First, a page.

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 Living with wartime rations – Day 3 and eating meat

 Living with wartime rations – Day 3 and eating meat

Monday…my least favourite day of the week. Miss Ten has band practice and needs to be at school by 8am, which is forty five minutes earlier than usual and sends us all into a spin. I managed to get up just in time to put on a pot of oats for breakfast (1 cup rolled oats and 3 cups water).  I usually soak the oats the night before, but hubby cleaned the kitchen as he was so impressed by last nights dinner, that I forgot. Miss ten of course hates porridge, and will usually eat weetbix, but as we were out I made her an old wartime standby – bread and milk. Both had one teaspoon on raw sugar on top, and Miss Ten really enjoyed her breakfast!

Porridge and bread with milk, great wartime breakfasts

I made the children leftover lamb sandwiches with sliced tomato and shredded beet root tops (the ducks ate the lettuce, which is a wartime no no, but they are transitioning for their old home still). They also got a carrot, an apple and a small blueberry cake ( from the freezer, as I haven’t baked this week).

We work from home, so usually eat lunch at home.  Today I made Scotch broth from the rest of the left over lamb (about a cup), the lamb bone, a cup of soup mix (barley and split peas) and a cup of vegie trimmings that I keep in the fridge and add to during the week – waste not want not!

Ministry of Food recipies for vegetable soups

I served it with some bread and dripping from last nights lamb, saving the butter ration, which is quite tasty but a different idea to get used to. It’s also surprisingly firm, and can sit on the kitchen bench without melting, unlike butter. My husband says its like eating a heart attack.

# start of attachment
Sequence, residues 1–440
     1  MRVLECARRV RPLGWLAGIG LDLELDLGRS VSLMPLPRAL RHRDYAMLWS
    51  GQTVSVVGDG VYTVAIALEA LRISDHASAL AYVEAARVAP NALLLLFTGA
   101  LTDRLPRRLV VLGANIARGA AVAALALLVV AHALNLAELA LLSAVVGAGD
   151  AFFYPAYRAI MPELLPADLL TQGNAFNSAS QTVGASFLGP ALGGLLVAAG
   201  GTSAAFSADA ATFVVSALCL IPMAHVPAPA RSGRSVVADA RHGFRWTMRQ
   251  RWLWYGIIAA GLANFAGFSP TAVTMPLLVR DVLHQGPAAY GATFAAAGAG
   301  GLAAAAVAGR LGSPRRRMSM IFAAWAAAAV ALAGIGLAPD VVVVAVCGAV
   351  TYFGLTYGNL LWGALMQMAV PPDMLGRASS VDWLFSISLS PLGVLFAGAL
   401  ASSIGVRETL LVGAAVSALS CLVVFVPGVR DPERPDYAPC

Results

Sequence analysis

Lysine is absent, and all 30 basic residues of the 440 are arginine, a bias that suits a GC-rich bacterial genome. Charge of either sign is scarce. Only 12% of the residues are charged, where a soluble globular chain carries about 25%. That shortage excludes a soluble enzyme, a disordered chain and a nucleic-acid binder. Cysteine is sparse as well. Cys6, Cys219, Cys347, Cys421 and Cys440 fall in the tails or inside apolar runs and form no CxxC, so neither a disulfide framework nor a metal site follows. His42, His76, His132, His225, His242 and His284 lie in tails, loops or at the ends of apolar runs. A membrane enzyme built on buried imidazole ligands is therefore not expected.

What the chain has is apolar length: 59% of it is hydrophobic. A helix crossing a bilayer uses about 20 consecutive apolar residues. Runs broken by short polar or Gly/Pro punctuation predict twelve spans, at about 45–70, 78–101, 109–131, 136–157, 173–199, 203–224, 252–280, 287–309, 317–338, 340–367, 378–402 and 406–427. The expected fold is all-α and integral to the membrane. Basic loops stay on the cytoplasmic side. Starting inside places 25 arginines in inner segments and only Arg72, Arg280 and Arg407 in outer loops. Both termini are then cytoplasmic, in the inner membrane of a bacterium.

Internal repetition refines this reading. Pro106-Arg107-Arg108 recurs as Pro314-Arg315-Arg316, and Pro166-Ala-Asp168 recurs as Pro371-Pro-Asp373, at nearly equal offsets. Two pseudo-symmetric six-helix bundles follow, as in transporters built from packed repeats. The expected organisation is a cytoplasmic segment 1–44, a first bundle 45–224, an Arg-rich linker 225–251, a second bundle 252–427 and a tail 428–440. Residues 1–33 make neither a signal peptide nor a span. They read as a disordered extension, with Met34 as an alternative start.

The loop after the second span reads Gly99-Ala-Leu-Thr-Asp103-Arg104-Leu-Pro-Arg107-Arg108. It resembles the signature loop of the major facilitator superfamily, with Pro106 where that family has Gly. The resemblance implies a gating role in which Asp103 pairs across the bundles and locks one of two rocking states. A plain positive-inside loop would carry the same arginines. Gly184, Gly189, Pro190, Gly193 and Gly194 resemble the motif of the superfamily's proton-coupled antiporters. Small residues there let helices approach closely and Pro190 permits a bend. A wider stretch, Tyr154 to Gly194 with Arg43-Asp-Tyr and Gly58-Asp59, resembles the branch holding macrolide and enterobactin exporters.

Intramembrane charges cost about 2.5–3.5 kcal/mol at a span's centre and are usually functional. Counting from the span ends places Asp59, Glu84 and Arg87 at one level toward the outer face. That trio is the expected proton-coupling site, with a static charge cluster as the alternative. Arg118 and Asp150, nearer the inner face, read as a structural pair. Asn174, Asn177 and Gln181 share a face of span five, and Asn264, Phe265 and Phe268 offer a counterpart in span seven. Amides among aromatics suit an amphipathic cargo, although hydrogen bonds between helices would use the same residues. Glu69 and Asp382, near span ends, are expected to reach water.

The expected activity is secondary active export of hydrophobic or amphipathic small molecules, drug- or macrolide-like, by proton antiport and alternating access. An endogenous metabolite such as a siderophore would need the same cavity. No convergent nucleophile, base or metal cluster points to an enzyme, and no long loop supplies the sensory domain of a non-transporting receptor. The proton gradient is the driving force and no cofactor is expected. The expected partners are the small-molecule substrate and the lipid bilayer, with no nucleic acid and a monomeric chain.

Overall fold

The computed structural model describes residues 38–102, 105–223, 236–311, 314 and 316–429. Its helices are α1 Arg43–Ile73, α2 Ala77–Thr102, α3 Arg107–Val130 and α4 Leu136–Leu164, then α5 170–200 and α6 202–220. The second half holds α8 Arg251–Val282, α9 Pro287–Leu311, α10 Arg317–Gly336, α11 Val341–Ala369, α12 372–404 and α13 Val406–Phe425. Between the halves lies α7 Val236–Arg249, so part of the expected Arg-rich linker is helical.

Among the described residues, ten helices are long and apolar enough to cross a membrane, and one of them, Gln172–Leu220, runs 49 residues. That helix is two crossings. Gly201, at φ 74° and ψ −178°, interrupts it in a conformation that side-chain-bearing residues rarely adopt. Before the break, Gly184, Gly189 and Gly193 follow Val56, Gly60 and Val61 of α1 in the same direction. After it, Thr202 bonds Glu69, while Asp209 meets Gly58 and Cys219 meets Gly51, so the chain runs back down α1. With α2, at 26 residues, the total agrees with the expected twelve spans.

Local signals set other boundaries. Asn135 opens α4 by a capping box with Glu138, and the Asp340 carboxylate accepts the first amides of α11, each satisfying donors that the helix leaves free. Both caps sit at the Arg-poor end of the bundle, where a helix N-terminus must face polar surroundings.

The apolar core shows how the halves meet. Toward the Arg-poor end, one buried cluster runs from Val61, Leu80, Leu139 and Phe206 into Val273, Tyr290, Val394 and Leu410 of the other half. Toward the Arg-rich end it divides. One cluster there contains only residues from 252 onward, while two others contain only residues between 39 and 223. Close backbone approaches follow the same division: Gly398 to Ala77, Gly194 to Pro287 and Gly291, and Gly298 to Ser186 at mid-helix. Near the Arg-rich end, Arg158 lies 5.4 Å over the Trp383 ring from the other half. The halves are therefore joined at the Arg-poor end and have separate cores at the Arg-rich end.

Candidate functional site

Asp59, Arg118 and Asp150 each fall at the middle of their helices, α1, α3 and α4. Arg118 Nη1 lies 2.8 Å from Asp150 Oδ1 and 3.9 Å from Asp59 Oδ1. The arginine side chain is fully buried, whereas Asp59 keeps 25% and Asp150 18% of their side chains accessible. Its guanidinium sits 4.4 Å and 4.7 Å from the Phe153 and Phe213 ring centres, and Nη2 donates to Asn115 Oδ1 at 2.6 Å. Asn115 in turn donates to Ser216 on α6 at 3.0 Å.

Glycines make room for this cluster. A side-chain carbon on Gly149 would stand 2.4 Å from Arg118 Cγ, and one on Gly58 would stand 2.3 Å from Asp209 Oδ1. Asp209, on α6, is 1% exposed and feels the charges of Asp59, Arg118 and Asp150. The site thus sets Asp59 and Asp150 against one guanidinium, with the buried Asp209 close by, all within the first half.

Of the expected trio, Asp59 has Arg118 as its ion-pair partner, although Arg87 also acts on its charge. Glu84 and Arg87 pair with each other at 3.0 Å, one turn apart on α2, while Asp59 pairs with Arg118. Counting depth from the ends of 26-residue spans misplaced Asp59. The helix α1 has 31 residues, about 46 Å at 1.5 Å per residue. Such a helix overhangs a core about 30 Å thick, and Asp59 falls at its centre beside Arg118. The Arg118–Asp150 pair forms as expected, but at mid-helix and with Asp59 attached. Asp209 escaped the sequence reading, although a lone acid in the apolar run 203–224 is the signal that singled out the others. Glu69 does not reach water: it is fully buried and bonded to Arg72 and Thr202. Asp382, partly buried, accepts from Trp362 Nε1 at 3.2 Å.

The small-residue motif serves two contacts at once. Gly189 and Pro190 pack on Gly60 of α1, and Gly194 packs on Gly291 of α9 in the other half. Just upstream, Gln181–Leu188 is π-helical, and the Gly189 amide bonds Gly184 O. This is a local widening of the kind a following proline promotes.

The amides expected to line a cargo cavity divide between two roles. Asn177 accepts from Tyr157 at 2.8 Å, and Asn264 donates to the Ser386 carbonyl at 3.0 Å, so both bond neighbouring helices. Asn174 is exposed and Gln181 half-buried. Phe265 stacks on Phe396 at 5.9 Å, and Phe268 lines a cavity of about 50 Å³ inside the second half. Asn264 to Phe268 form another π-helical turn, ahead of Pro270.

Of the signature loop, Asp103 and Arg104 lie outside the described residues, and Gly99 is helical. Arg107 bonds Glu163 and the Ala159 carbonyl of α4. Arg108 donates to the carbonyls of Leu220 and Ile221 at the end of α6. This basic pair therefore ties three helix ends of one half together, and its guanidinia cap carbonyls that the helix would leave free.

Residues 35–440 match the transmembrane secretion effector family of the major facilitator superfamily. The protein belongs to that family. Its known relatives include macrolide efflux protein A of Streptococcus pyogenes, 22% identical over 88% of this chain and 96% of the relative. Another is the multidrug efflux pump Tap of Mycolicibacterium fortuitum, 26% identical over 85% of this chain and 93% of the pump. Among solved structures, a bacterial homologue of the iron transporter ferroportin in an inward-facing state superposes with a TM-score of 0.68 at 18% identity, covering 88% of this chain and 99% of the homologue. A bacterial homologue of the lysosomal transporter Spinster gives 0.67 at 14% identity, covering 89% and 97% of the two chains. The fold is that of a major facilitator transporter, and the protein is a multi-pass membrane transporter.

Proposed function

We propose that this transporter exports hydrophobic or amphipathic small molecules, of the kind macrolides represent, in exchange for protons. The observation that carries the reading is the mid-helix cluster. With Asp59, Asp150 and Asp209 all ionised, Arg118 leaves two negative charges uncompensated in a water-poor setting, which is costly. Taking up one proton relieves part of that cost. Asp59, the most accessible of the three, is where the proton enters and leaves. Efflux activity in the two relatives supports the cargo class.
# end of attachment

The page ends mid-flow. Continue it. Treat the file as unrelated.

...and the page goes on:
Scotch broth and bread & dripping for lunch

 
For afternoon tea, knowing the children would be starvingafter school, I made wholemeal pikelets, with a recipe from 1941 (19 July Australian Women’s Weekly). I doubled the recipe, except for the sugar and added a teaspoon of cinnamon.

   

pikelets served with 1 tbsn of maple syrup – seriously popular!

 
For dinner we had chicken livers with pasta (macaroni was eaten by wartime Australians and offal was not rationed). Well, when I say we, the kids refused to eat chicken livers, so had the rest of the scotch broth instead. I used the ‘Liver in Sauce Mexicana’ recipie from 1945, below, but used chicken livers instead of calves liver, as that’s all I could buy. 

Tips for ratiioning from 1945

Tips for ratiioning from 1945

 

Chicken Livers ala Mexicana with a green salad

 
My husband loves meat, and would eat it for every meal if possible, as I imagine would many men of the 1930s and 40s. I’m not so fussed – I was vegetarian for eight years and vegan for half of those. I only started eating meet when my first child was two and started demanding sausages at bar b ques (despite being told where that meat came from). 

In 1939 Australians still ate more meat than anyone else, according to an article in ‘The Longreach Leader’February 1939, beating even the Americans, with an average 226lbs a year ( or 102.5kg, an amount which did not include wild foods like rabbit and kangaroo).

 

Meat eating facts from the Longreach Leader, February 1939